Inheritance tax need to declare?

edited 30 November -1 at 1:00AM in Deaths, Funerals & Probate
4 replies 903 views
mmmkay777mmmkay777 Forumite
18 Posts
edited 30 November -1 at 1:00AM in Deaths, Funerals & Probate
My wife has been given a large sum by her father to help buy a house, enough to go over the inheritance tax threshold. I believe if he lives another 7 years then there will be no tax to pay but do we need to declare this money now to hmrc so they know when she recieved it? We are both PAYE also if that makes a difference so we don't fill in a tax return normally.

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  • edited 27 November 2012 at 7:51PM
    zzzLazyDaisyzzzLazyDaisy Forumite
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    edited 27 November 2012 at 7:51PM
    mmmkay - you don't need to do anything, there is no point at which your wife will be personally liable for tax on this money. There is no gift tax in UK, and if your father does not survive 7 years, then any tax on the gift will become the responsibility of the estate and will be dealt with by the executors when they deal with the IHT liability.

    Edit: To clarify - normally when making a gift of this nature the will is drafted to make it clear that any IHT will be paid from the estate. However, Daska is right to point this out (thanks) - OP your wife should raise this issue with her father, and ensure that this point is addressed in his will.
    I'm a retired employment solicitor. Hopefully some of my comments might be useful, but they are only my opinion and not intended as legal advice.
  • daskadaska Forumite
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    The seven-year rule - 'potentially exempt transfers'
    Any gifts you make to individuals will be exempt from Inheritance Tax as long as you live for seven years after making the gift. These sorts of gifts are known as 'Potentially Exempt Transfers' (PETs).
    However if you give an asset away at any time, but keep an interest in it - for example you give your house away but continue to live in it rent-free - this gift will not be a potentially exempt transfer. Follow the link below to find out more.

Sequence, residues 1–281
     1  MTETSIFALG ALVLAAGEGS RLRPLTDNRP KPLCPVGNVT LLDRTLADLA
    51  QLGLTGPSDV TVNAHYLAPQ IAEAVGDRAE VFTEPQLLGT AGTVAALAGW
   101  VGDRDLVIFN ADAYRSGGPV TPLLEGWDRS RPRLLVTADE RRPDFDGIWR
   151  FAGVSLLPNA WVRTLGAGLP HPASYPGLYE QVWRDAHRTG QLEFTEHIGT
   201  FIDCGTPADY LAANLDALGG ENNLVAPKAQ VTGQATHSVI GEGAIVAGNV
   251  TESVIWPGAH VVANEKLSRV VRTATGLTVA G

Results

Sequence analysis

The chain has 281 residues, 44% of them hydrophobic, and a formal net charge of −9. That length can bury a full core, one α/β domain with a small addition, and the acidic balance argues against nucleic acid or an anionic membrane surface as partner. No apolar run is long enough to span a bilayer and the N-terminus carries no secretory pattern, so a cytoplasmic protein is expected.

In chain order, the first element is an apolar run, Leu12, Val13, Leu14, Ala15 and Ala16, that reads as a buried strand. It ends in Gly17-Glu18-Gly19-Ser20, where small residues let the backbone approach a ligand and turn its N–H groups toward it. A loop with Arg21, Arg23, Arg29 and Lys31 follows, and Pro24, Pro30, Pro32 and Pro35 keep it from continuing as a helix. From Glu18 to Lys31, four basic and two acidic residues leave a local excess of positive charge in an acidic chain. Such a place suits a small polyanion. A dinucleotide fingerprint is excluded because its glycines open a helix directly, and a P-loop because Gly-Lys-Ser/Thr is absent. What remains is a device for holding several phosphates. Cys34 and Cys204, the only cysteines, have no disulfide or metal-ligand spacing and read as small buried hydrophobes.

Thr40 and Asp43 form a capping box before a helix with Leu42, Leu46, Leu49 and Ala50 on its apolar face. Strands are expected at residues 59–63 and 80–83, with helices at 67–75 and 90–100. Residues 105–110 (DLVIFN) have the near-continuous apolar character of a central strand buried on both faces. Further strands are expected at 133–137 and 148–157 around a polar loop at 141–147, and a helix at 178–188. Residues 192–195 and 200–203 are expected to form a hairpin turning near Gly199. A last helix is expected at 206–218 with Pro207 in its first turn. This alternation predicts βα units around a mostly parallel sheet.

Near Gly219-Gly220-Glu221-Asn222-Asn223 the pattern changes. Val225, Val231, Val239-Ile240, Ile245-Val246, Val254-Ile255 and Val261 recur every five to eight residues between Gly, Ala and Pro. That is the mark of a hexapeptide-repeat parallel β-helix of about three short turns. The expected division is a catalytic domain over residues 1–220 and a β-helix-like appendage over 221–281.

If you die within seven years and the total value of gifts you made is less than the Inheritance Tax threshold, then the value of the gifts is added to your estate and any tax due is paid out of the estate.
    However, if you die within seven years of making a gift and the gift is valued at more than the Inheritance Tax threshold, Inheritance Tax will need to be paid on its value, either by the person receiving the gift or by the representatives of the estate.
    If you die between three and seven years after making a gift, and the total value of gifts that you made is over the threshold, any Inheritance Tax due on the gift is reduced on a sliding scale. This is known as 'Taper Relief'.

    (from HMRC)
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  • getmore4lessgetmore4less Forumite
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    It is also possible that the estate may have a nill rate bad of upto twice the rate in force at the time of death(currently £325 x 2 = £650k) if there is any transferable spouse allowance.

    All gifts in the 7 year period need to b counted so any in the previous 7 years will start dropping off any any new ones will potentialy be fully taxable.
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